How to Eat a Whole Fish
“It’s not about small plates—it's about dinner,” said Mantuano, also the acclaimed creator of Chicago’s Spiaggia.
He’s referring to the kind of old-fashioned dinner that gathers a family around the table to enjoy a centerpiece Sunday roast. It's a concept that's becoming popular across the country as more and more menus favor rustic simplicity over “fussy” modernism.
River Roast serves three such rustic whole-animal meals: chicken, beef, and fish. Of those three, it's maybe seeing the whole fish—head, tail, and all—land on the table that's most daunting to many diners. But restaurants like River Roast go to great lengths to make the dish as approachable as possible despite the dramatic presentation.
River Roast prepares its whole fish two ways: roasted or fried. Both preparations use spigola, a Mediterranean sea bass from Greece also known as branzino. A masterful butcher painstakingly debones each fish, removing the spinal column and all pin bones to make it as easy as possible for guests to eat. Before being roasted, the fish is bathed in an aromatic salsa verde made with mint, basil, parsley, lemon, anchovy, mustard, and garlic. (The fried version is brushed with the same sauce just after it comes out of the fryer.) The vibrant sauce lends both color and herbal tones to the fish.
Next comes the most important step: the roasting itself. “It’s the vehicles that prepare the roasts that make them so special,” Hogan said. For the whole roasted fish, that vehicle is a specially made tandoor oven.
“I don’t think there’s anything that gets more of a char on that fish than that tandoor oven,” Mantuano said. The fish is cooked in a custom-designed basket, its perfect fit ensuring just the right level of roasted flavor on the skin.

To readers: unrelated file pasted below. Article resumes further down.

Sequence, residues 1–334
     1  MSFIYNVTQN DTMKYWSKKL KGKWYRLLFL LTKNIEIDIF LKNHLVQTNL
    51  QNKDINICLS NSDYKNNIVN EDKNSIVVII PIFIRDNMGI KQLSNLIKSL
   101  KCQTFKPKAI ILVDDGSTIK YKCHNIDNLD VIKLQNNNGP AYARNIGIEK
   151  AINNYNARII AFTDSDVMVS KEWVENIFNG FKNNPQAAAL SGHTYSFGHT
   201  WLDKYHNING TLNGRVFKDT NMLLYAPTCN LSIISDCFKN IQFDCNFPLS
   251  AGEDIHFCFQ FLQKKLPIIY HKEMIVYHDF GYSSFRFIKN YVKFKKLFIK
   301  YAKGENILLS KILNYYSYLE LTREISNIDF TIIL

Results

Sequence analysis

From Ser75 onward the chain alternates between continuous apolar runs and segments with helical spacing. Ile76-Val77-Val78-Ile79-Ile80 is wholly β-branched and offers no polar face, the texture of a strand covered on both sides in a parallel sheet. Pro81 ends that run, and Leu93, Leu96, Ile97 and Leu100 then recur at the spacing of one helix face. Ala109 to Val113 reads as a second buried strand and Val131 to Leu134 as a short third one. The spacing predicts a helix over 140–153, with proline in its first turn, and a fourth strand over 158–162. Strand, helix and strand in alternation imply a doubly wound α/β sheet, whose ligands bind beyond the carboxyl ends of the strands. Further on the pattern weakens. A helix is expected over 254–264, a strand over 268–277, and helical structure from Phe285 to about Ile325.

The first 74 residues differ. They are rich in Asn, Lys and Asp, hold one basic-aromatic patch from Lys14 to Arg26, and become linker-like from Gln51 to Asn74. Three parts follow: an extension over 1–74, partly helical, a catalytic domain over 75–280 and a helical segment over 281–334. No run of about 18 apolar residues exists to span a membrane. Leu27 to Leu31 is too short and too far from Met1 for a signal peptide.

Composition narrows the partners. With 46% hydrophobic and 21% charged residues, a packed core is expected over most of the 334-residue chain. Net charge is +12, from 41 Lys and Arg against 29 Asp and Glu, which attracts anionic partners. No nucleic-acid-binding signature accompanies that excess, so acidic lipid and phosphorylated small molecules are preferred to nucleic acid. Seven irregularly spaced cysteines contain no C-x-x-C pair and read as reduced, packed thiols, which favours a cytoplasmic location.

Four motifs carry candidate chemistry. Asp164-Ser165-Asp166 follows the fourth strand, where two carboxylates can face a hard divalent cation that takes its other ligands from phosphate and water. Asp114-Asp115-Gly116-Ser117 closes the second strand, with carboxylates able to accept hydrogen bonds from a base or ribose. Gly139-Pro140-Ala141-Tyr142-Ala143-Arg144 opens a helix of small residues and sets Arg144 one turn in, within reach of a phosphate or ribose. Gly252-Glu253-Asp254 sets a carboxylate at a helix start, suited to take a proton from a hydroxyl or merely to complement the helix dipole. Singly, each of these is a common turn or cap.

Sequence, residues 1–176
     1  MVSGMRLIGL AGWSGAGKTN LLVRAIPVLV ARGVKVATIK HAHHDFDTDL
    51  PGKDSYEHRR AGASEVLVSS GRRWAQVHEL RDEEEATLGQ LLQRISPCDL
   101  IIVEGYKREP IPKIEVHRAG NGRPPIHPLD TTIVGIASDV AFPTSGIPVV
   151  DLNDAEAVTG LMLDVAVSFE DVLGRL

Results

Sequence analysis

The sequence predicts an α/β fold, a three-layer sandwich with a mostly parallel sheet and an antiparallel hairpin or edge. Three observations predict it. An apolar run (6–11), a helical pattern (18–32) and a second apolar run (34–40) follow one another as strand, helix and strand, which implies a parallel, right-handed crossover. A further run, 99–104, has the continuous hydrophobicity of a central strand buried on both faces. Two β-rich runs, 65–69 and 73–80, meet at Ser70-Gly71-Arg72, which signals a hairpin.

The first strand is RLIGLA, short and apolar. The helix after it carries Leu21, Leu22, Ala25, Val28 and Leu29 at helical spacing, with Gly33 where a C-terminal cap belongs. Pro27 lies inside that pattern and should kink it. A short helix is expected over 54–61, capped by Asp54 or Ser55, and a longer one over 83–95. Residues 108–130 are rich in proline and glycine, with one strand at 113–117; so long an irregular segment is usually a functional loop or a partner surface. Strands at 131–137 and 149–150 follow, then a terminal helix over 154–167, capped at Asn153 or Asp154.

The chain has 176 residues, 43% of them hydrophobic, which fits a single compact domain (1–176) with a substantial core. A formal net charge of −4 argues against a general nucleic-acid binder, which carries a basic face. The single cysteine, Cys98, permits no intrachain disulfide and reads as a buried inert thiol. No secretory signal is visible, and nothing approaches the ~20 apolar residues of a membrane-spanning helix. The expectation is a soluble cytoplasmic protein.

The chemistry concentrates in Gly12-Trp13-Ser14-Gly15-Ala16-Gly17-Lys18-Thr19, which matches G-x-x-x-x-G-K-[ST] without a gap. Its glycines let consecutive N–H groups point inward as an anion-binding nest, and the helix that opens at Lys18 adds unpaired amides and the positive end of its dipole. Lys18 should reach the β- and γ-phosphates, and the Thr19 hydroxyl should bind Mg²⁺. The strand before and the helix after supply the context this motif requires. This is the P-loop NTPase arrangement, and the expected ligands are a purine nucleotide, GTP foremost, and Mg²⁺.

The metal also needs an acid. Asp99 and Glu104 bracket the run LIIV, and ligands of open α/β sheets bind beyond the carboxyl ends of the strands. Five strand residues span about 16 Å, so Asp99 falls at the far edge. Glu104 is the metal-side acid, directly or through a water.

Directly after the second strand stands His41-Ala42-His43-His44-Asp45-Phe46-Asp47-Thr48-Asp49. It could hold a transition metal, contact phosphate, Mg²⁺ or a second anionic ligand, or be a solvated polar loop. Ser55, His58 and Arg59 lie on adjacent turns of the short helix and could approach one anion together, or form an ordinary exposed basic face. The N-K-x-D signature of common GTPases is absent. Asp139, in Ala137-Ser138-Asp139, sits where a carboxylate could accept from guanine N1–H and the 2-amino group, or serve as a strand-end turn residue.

The tandoor-roasted whole fish at River Roast.
Here are a few tips from Mantuano and Hogan on eating a whole fish.
Take off the head first
“The closest to the head is always the sweetest meat,” Hogan said. “We encourage people to grab the head and go after it.”
Don’t miss the cheek and collar
Start with the delicate meat around the collarbone, and then move on to the cheek. It can be a little more difficult to get to the cheeks on smaller fish, like the sea bass at River Roast, but it’s worth it. “Typically, the cheek meat is where the really succulent, delicious meat hides.” Hogan said.
“If there were just collar and cheeks, I’d be a happy man,” Mantuano said. “They’re the most flavorful and the most moist.”
Use the tail as a handle
Pull off the tail and eat the meat at the end of the fish, which frees up the rest of the fillet.
Dig into the fillet piece by piece
When fillets are completely boneless, it’s easy to peel pieces of fish away with your fork without moving the body of the fish on the plate. For fish that are aren’t as thoroughly deboned, this is also a good way to make sure your bite doesn’t have any bones in it.
Don’t be shy with the lemon juice
Think of it as seasoning. “You can never have enough lemon juice on whole roasted fish,” Mantuano said.
Watch Chef Mantuano and Hogan talk more about the whole-fish trend:
Photos by Andrew Nawrocki, Groupon. Video by John Scott, Groupon.
Read more about getting back to rustic cooking:
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